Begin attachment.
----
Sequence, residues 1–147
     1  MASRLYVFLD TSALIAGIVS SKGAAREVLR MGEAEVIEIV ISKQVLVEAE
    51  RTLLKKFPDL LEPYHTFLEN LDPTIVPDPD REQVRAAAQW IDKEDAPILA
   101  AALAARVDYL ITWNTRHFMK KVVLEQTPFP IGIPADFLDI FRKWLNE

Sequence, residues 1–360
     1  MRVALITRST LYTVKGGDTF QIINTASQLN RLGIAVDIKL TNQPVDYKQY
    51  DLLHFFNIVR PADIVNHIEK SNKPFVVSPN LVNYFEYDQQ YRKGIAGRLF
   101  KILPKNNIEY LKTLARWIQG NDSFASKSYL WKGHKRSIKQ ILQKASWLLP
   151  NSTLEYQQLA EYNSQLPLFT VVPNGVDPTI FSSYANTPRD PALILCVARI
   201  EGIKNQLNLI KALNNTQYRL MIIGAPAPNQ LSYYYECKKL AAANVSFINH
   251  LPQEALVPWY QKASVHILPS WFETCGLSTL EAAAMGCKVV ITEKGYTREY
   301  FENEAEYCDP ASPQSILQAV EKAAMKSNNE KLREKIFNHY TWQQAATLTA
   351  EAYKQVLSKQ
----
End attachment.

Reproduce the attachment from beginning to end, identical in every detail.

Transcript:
Sequence, residues 1–147
     1  MASRLYVFLD TSALIAGIVS SKGAAREVLR MGEAEVIEIV ISKQVLVEAE
    51  RTLLKKFPDL LEPYHTFLEN LDPTIVPDPD REQVRAAAQW IDKEDAPILA
   101  AALAARVDYL ITWNTRHFMK KVVLEQTPFP IGIPADFLDI FRKWLNE

Sequence, residues 1–360
     1  MRVALITRST LYTVKGGDTF QIINTASQLN RLGIAVDIKL TNQPVDYKQY
    51  DLLHFFNIVR PADIVNHIEK SNKPFVVSPN LVNYFEYDQQ YRKGIAGRLF
   101  KILPKNNIEY LKTLARWIQG NDSFASKSYL WKGHKRSIKQ ILQKASWLLP
   151  NSTLEYQQLA EYNSQLPLFT VVPNGVDPTI FSSYANTPRD PALILCVARI
   201  EGIKNQLNLI KALNNTQYRL MIIGAPAPNQ LSYYYECKKL AAANVSFINH
   251  LPQEALVPWY QKASVHILPS WFETCGLSTL EAAAMGCKVV ITEKGYTREY
   301  FENEAEYCDP ASPQSILQAV EKAAMKSNNE KLREKIFNHY TWQQAATLTA
   351  EAYKQVLSKQ